“You love to take broken things and make them beautiful.” What a perfectly fitting song by Ellie Holcomb. Let’s listen and remember these words on our journey of divorcing and healing from narcissism or abuse.
“I know I don’t bring a lot to the table, just little pieces of a broken heart.”
“There’s healing in Your name.”
“You say that you’ll turn my weeping into dancing, remove my sadness and cover me with joy.”
“Mediation with a Narcissist” is the post that gets the most views on my website, hands-down. I find that interesting. Mediation with a Narc is sooo very, very difficult. Note the multiple times I use “very”. I could keep going.
Since this is clearly a topic that readers are searching for information on, here is a “Part II” with additional musings and thoughts:
HAVE LOW EXPECTATIONS:
- Sorry to say that as the very first bullet point…but remember, narcissists do not negotiate well, if at all. They win. They have an all-or-nothing outlook and are too competitive and controlling to tolerate a fair outcome. They think they are smarter and more important than anyone else in the room, and they sure don’t want to be controlled by you, or your lawyer, or the mediator.
- My lawyer said that the judges in our town want couples to try mediation first, so most people schedule one day. So, depending on your judge, you might need to try mediation even if you know its not going to go well.
- A friend of mine who went through mediation had FIVE different days of mediation before they reached an agreement, and then they only came to agreement because the narc spouse had an compelling business reason for finalizing the divorce.
- In my mediation, we got almost nothing done the first day. My lawyer said the main benefit of that day was that we got my XNarc’s financial information and understood the negotiating positions.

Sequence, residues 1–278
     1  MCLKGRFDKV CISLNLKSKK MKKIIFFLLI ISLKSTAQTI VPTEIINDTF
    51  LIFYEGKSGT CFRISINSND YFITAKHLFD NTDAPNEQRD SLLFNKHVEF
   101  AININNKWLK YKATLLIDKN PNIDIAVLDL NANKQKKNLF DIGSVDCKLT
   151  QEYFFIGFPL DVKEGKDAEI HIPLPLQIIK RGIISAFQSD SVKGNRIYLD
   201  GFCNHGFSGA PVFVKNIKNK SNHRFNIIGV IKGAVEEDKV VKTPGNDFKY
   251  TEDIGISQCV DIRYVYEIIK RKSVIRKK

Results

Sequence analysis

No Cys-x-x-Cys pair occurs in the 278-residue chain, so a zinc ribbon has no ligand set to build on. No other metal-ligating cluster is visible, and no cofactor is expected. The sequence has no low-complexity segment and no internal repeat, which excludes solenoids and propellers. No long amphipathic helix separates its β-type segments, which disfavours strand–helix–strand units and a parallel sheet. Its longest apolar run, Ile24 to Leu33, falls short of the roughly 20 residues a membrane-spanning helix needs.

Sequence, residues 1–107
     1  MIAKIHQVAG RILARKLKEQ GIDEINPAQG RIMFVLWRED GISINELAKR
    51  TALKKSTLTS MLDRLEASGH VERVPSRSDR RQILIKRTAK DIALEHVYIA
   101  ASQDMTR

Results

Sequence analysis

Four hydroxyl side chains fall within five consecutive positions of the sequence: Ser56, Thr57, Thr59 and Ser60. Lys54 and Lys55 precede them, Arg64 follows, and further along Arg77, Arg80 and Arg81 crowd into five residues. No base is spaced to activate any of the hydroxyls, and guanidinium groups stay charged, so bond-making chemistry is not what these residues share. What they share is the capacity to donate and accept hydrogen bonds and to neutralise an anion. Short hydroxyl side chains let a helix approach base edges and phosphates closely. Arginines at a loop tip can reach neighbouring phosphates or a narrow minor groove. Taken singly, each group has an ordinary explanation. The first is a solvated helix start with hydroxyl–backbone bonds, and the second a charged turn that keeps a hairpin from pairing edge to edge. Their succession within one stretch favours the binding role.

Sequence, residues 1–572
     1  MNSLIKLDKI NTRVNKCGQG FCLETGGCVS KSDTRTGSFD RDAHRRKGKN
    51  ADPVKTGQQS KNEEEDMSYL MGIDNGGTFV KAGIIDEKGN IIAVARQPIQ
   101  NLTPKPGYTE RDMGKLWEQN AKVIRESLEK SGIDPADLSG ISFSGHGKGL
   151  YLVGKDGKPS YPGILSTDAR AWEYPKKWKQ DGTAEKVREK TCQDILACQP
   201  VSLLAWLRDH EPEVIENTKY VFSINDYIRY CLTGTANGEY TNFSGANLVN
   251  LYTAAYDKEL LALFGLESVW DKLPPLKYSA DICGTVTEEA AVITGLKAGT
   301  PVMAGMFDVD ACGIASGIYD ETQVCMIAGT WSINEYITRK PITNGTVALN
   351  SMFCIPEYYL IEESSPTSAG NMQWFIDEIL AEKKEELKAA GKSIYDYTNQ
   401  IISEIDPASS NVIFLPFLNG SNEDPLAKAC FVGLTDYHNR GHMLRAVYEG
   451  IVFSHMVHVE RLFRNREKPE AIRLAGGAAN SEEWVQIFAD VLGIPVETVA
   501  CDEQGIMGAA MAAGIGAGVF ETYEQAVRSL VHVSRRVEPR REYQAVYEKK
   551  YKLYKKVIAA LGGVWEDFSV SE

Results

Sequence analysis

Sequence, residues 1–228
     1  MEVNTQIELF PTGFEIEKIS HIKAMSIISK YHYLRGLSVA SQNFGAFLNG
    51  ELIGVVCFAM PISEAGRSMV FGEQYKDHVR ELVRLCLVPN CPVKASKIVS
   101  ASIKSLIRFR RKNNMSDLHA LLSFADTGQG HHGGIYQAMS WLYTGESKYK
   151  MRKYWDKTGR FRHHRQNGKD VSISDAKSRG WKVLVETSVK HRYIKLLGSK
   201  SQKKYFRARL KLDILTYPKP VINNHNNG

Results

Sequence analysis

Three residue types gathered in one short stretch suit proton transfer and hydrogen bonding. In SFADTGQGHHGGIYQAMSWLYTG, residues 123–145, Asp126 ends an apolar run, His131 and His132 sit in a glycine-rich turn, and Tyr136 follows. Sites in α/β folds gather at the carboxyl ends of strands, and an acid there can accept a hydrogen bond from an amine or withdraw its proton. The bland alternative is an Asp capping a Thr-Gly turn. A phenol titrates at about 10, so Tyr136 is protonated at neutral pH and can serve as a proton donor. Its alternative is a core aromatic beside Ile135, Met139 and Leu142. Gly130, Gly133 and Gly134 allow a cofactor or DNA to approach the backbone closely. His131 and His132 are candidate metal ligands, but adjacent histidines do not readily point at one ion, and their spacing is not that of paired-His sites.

- We got a little closer our second day of mediation, but mostly due to my agreeing on some custody provisions that have turned into a huge source of conflict. We did not reach a signed agreement that second day, even though I made an offer at the end of the day. Of course my XNarc said he needed more time to consider it. Due to Narcs excessively high need for control, I really think there was no way he was going to agree to something I had proposed in a mediation environment.
- Because of this high need for control, their need to win, and psychopathically low empathy, I just haven’t heard of mediation going well with this personality disorder. They simply do not compromise well. They think they’ve done nothing wrong and it’s really all YOUR fault, so they are entitled to a better outcome than the other party.
- In summary, be prepared with realistic expectations for your situation.
Reading this excerpt in Bancroft’s book, Daily Wisdom for Why Does He Do That?, I just started crying. The first sentence touched me deeply. If you have been in a relationship with a narcissist, you unfortunately know what Bancroft is referring to. Words like “torn apart”, “your partners cruel side”, “nothing can ever put you back together again”, and “the pain will never go away” resonate, don’t they? I hope it’s reassuring, dear one, to know that someone can so accurately articulate the excruciating pain you feel. You are not alone.
Feeling Like You’ll Never Get Over This
“After enough times of being torn apart by your partner’s cruel side, you can come to feel like nothing could ever put you back together again, and like the pain will never go away.
But it will. You aren’t always going to feel this bad. Healing is a long process, especially when you’ve been harmed by someone you love. But the injured places do grow back together.